Paramedics well-placed to fill gaps in palliative care so more patients can die at home

More patients approaching end of life could die comfortably at home, where this is the person’s preference, if paramedics were better equipped and supported to help them, according to new research.

The research published in leading international palliative care journal Palliative Medicine, based on a review of existing international literature, found there are opportunities for health services to increase paramedic involvement to fill gaps, particularly after-hours, in palliative care to avoid unwanted hospital admissions.

The article, Paramedics delivering palliative and end-of-life care in community-based settings: A systematic integrative review with thematic synthesis, highlighted key enablers to increasing the role of paramedics, including strengthening their communication and support channels with multidisciplinary palliative care teams.

Other initiatives could include targeted palliative care training for paramedics, partnering in care with families and palliative care-specific clinical practice guidelines to broaden current scope of practice.

The research authored by Madeleine Juhrmann, who is a PhD candidate with the University of Sydney Northern Clinical School, found barriers to paramedics delivering a palliative approach to care at home included unreliable access to documented wishes, family discord and “medical-legal ambiguity” associated with palliative medicine.

Ms Juhrmann said paramedics were well-placed to respond positively to the strong preference in the community in favour of home-based deaths, if supported to do so.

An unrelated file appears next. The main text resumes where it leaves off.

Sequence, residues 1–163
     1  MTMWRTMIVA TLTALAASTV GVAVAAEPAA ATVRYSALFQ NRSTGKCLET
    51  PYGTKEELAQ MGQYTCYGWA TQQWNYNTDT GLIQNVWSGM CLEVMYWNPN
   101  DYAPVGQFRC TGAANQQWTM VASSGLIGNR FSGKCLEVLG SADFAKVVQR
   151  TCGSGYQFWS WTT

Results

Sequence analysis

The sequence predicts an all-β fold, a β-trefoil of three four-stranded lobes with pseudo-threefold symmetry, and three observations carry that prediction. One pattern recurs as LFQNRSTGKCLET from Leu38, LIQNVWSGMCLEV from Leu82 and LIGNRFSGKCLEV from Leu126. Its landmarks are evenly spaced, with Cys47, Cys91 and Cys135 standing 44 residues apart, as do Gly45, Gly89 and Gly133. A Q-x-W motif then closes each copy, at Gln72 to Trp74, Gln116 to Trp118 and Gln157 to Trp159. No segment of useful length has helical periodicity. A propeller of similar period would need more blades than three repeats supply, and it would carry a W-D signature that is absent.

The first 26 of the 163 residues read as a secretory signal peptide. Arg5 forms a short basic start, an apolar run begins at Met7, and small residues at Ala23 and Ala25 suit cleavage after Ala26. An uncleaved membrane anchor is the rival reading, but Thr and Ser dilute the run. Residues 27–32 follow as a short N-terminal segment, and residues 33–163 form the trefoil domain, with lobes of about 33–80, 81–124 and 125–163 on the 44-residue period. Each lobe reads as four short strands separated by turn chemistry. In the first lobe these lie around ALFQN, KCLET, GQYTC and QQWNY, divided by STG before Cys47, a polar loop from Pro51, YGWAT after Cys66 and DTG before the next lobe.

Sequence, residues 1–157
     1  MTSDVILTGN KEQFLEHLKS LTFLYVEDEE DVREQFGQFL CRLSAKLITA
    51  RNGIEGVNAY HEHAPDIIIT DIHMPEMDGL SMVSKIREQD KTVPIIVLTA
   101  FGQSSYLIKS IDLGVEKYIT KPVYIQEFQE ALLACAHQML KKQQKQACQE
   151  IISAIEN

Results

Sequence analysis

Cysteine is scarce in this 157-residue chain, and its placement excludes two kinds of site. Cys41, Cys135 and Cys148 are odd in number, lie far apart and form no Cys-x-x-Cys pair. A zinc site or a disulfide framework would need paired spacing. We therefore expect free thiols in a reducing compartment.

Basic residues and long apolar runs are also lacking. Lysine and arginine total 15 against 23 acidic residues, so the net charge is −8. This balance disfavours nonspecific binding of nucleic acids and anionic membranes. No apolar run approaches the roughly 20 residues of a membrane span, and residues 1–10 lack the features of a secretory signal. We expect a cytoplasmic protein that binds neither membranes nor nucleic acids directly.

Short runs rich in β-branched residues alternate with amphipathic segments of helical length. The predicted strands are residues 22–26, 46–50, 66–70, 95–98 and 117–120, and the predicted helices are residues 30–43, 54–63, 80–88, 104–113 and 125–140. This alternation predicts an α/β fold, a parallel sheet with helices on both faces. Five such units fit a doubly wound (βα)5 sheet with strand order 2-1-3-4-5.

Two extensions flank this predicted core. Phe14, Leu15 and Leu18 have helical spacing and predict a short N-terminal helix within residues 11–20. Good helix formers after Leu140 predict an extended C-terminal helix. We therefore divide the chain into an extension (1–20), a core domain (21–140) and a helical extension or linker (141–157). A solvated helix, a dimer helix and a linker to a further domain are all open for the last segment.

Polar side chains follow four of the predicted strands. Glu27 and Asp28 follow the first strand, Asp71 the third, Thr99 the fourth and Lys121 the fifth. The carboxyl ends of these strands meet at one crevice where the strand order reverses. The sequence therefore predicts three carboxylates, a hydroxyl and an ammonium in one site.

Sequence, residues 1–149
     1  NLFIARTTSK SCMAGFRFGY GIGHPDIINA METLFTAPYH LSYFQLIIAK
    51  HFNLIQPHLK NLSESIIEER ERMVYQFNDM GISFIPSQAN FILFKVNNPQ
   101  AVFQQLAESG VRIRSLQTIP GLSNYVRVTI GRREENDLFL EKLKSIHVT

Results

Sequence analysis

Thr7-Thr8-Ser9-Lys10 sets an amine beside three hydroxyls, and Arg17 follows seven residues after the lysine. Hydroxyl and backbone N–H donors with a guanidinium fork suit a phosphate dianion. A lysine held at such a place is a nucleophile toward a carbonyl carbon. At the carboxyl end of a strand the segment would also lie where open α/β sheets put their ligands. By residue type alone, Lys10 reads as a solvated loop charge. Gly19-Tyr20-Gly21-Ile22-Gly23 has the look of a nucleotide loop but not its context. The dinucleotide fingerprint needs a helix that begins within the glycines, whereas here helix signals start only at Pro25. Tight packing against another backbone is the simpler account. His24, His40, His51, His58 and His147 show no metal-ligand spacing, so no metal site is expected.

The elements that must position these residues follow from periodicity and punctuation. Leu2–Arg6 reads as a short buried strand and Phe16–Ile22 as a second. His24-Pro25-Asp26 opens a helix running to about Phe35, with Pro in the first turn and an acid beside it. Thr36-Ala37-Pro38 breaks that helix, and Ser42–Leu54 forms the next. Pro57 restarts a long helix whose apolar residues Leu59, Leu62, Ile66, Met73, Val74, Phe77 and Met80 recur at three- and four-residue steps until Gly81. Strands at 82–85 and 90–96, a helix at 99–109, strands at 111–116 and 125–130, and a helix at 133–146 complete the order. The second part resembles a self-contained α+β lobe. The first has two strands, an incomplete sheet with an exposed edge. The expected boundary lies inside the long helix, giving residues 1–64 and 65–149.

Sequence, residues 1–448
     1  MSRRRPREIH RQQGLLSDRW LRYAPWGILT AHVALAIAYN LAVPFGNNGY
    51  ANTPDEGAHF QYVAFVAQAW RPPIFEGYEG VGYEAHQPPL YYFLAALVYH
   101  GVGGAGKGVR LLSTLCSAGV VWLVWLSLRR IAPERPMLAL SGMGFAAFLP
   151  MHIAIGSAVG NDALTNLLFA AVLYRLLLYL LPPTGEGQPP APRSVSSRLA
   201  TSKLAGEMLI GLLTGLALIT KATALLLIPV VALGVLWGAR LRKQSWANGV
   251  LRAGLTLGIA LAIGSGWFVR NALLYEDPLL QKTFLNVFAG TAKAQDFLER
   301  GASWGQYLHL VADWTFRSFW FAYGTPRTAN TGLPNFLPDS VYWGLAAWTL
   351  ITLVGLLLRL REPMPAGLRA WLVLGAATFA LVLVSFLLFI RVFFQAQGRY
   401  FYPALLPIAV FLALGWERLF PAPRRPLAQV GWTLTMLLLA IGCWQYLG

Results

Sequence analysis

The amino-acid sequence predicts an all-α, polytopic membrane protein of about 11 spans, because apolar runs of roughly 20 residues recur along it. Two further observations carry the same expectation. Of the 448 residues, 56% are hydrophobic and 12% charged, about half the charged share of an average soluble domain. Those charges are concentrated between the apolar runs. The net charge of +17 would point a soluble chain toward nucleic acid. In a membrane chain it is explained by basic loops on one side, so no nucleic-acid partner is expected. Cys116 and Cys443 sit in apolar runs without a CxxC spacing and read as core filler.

She said global demand for palliative care is increasing due to an aging population and prevalence of chronic non-communicable disease. The present reliance on exclusively specialist hospital-based care is becoming unsustainable.

Within Australia alone, tertiary health services saw a 16.9 per cent increase in palliative care hospitalisations between 2013/14 and 2017/18.

“Paramedics are in a unique position to help deliver palliative and end-of-life care in the home, especially after hours for palliative care emergencies,” Ms Juhrmann said.

“However, their role is traditionally limited to providing life-sustaining interventions for acute emergencies and conveyance to hospital.”

Ms Juhrmann’s research into the role of paramedicine delivering palliative and end-of-life care in Australian communities will involve three more studies including a policy analysis of existing ambulance services’ palliative care clinical practice guidelines, a qualitative study of health professionals, families and carers perspectives and experiences of palliative paramedicine, and a Delphi study to gain broad consensus on the development of best practice guidelines for palliative paramedicine.

The research is funded by The HammondCare Foundation.

To access a copy of Ms Juhrmann’ s latest research in Palliative Medicine, click this link.